But Conte, who had no previous political experience until he was tapped for the top job in 2018, is not so much throwing in the towel as he is taking a massive gamble that President Sergio Mattarella will again appoint him to head Conte's third coalition government in less than three years.

The recent dysfunction is unique even within the context of instability-prone Italian politics. How did Italy get here, and what might come next?

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Ian Bremmer shares his perspective on global politics on this week's World In (More Than) 60 Seconds:

What did you think of Xi Jinping's speech at the virtual World Economic Forum?

Well, his last speech at the real World Economic Forum in Davos, I remember being there four years ago, and given that Trump had just been elected, Xi Jinping gives this big, "We want to stand up and be leaders while the Americans are doing America first." And generally speaking, was probably the most important speech of the week. People liked it. This is a pretty different environment, not so much because Trump has gone, but rather because support and belief in Xi Jinping is pretty low. I will say one thing that was generally well responded to was the call not to enter into a new Cold War. Anybody in the business community generally supports that. There's so much integration and interdependence between the US and the Chinese economies that when Xi Jinping says, "We need to find ways to continue to work together," I mean, this is the pro-globalization audience he's speaking to. They generally agree. But otherwise, the message fell pretty flat. So, the idea that China is going to be globally useful on issues of leadership, especially when it comes to anything that might threaten Beijing's sovereignty, they check global norms at the door. And a few examples of that, when Xi called for support for the rules-based international order, that's in obvious contrast with China's violation of the one country, two systems framework in Hong Kong. And they said, "Well, that's a domestic issue." Well, actually that's not what your agreement was with the British handover. And just because you're more powerful doesn't mean that norm doesn't matter anymore.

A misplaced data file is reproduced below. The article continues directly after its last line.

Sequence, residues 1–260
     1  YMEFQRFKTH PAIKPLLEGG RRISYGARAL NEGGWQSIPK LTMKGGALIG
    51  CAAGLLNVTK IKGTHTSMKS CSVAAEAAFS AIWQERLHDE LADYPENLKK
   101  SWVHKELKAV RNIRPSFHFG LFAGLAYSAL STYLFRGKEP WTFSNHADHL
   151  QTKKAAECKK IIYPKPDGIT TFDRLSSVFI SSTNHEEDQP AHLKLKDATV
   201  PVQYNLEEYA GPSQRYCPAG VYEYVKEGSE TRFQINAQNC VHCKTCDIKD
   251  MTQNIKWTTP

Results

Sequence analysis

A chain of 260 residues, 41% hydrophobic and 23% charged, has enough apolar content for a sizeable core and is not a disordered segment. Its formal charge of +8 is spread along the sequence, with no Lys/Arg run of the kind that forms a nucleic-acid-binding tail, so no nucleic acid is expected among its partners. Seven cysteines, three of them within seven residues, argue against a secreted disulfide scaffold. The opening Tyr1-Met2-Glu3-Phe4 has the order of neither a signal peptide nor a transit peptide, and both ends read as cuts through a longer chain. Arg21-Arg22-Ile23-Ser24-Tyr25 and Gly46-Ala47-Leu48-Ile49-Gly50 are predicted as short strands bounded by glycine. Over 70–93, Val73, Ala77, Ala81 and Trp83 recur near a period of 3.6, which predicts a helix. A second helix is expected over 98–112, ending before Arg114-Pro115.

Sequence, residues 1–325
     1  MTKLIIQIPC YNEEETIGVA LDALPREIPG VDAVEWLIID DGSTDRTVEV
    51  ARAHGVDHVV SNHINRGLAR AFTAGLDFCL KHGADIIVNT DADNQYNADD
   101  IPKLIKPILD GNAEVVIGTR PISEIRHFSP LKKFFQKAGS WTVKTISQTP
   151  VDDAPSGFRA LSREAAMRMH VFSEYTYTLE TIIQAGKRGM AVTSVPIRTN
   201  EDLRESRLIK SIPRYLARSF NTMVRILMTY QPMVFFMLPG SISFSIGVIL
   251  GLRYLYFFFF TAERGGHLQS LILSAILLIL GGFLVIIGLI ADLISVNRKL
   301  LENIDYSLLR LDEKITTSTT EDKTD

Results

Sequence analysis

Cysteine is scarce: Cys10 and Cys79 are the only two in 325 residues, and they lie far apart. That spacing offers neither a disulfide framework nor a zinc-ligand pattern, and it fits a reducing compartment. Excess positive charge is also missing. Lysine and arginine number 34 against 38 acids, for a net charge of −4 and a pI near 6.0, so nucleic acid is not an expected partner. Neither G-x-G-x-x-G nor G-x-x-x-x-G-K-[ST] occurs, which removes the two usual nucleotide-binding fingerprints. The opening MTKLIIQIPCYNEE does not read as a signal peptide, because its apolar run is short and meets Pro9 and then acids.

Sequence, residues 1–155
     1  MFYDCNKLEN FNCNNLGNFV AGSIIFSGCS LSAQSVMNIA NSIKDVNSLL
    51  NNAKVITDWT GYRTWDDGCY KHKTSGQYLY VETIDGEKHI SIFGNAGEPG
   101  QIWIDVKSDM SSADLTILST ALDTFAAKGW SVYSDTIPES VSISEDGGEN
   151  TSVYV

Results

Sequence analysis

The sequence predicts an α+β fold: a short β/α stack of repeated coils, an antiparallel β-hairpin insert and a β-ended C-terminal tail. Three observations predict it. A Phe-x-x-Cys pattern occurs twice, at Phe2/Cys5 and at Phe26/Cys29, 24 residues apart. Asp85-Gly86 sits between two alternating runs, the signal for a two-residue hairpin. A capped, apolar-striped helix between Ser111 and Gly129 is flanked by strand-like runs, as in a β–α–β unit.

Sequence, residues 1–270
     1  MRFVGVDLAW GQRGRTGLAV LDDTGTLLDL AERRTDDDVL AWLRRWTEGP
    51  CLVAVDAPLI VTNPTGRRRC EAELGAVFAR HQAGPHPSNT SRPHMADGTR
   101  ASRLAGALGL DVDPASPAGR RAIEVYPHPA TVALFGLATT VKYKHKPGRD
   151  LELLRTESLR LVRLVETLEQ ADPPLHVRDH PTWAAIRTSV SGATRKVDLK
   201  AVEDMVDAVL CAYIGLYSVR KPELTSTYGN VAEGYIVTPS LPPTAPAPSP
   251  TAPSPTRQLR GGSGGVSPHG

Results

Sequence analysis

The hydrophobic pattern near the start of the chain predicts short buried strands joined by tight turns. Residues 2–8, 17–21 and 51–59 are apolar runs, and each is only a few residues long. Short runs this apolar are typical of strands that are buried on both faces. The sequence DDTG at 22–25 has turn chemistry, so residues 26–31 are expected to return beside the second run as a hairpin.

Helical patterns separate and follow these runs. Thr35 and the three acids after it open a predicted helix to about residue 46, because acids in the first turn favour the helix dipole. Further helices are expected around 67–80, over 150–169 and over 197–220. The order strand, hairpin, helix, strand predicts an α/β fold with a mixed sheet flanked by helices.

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Over the weekend, some 40,000 people in Moscow and thousands more across Russia braved subzero temperatures to turn out in the streets in support of imprisoned Kremlin critic Alexei Navalny. More than 3,000 protesters were arrested, and Navalny called on his followers to prepare for more action in the coming weeks.

But just who is Alexei Navalny, and how significant is the threat that he may pose to Vladimir Putin's stranglehold on power in Russia?

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Angry farmers take Indian fort: In a major and violent escalation of ongoing protests over new agriculture laws, thousands of Indian farmers broke through police barricades and stormed the historic Red Fort in New Delhi on Tuesday. At least one protester died in the chaos, while the government shut down internet service in parts of the capital. Farmers and the government are still deadlocked over the new laws, which liberalize agriculture markets in ways that farmers fear will undercut their livelihoods. The government has offered to suspend implementation for 18 months, but the farmers unions are pushing for a complete repeal. Given that some 60 percent of India's population works in agriculture, the standoff has become a major political test for the government of Prime Minister Narendra Modi's ruling BJP party.

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The GZERO World Podcast with Ian Bremmer. Listen now.